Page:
So it’s a few weeks since the KMG national student grading in Scotland and it’s time to reflect on the events of the day. It was a big day for me on a couple of fronts, firstly I had guys testing on the day and secondly I had been asked to assist KMG global team instructor Rune Lind with the testing.
By far the most important part for me was the students I had testing that day. Some were going for, their first grading (P1) so there was a serious fear of the unexpected. The others were going for P4 which I knew would be hard however the guys have all shown a fantastic commitment to training and I was confident that all they had to do was perform the way I knew they could and they would get their pass..
I have sat my fair share of grading’s so I am well aware of what goes through the mind on grading day, especially your first ever test. Self-doubt can creep in to even the most confident practitioner: Did I work enough on this technique? What was that stabbing defence again? I hope he doesn’t make us do rolling!! Go on, how many of you have thought that on the day? Everyone has these thoughts pre grading but the real trick is to trust in the process of training, practice and repetition. If you have put the time in and are training enough then as soon as that problem is presented to you, muscle memory will kick in and before you know it you are moving and scanning away from the attacker with the job successfully completed. Only repetitive training delivers this and your muscle memory transfers directly to a real life situation be it on the street, pub or club.
I get nervous when my students grade as I know exactly what they are going through. This time round though I had to put the empathy aside as I had the responsibility of grading students (not my own!), which was a first for me and a daunting task if I am honest. Coming to this for the first time, like the P1’s I had the fear of the unexpected.
It’s quite a responsibility to have to say whether someone has performed well enough to pass or not. No one likes delivering bad news however unless we are really challenged, we don’t improve no matter what level we are at. KMG were challenging me again.
Douglas Shearer (who was also assisting) and I met Rune and John Miller (Director of KMG Scotland) the night before the grading to discuss the grading and marking process and what was expected.
The day kicked off with the P1 grading of which there was around 30 participants from all over Scotland. We started with introductions and what was expected of the students during the testing. From there we all split into groups with Douglas John and I taking grading groups and Rune overseeing.. The test went well with everyone giving their all and getting stuck in, which made our job a lot easier. From there it was onto the P2 grading for more of the same.
For P2 it is expected that all participants nail the basics from the P1 syllabus every time so things like moving and scanning and getting to safety, getting off the line etc. from there it was time for a break while John and Rune graded the P3’s.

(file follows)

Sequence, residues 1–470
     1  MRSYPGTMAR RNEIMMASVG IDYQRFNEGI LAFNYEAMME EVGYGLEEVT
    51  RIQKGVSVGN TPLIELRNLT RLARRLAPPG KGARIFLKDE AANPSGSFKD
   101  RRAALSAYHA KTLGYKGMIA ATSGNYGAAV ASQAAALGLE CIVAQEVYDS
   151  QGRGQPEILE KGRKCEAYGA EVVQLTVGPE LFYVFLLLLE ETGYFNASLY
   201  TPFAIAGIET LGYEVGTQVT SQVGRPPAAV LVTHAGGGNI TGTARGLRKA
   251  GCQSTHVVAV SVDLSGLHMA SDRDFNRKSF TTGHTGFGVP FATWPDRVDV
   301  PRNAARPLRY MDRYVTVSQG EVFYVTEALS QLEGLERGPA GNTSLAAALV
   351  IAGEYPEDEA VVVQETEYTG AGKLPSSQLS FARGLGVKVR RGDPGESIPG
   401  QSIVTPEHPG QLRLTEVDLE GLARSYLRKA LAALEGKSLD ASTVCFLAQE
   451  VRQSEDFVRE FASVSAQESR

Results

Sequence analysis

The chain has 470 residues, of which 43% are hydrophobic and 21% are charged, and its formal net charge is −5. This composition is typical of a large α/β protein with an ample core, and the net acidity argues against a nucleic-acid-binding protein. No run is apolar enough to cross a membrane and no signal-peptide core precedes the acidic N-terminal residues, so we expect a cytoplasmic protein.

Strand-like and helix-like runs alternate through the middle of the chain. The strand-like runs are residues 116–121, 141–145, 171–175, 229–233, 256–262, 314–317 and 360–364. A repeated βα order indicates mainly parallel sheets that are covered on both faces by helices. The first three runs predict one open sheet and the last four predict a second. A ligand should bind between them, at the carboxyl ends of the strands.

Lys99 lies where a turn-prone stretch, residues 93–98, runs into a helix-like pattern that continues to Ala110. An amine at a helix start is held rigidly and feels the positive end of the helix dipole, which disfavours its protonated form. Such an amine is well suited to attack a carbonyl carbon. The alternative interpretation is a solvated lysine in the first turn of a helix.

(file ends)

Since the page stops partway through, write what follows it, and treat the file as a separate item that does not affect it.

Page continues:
After a short break Douglas and I were asked to take the guys grading for P4 and P5 to another hall and warm them up and start grading them on P1 to P3 as the P3 grading were running over a little. So once in the hall we explained what was expected and off we went. Douglas had the P4’s and I had the guys going for P5. After around an hour we took them back downstairs to continue with the grading for their respective grades. From there Rune oversaw myself and Douglas and went between both groups to watch the participants giving it their all. The guys put in a great performance during their grading and I was proud to have been a part of it.
It was a long day from, around 6.30am to 6.30pm. Having to concentrate continually was mentally draining and left me knackered even though I didn’t break a sweat all day.
Grading’s are a great opportunity to test yourself and the knowledge you have gained through training. It’s also a great way to test what you know under a different kind of stress, that of the test itself. The result is dependent on the work you put in at training and how you perform on the specific day. We can all have bad days though where some things just don’t go to plan, even a small number of mistakes due to nerves can add up and affect your overall mark on the day. As I said before no matter what the outcome of the grading if it was a pass or fail, it is an opportunity to learn and get better.
A pass is never guaranteed and to be fair if it was, it would be worthless. It’s a great feeling knowing that you earned something and your hard work was rewarded. If you weren’t successful then take on board the feedback and challenge yourself to do better. Give yourself a new training goal to improve and come back and nail it next time. Take pride in the fact that you had the bottle to stand on that line in the first place and give it a shot.
A big well done to everyone who was involved that day it was a pleasure to be a part of it and I’m looking forward to the next one.
See you at training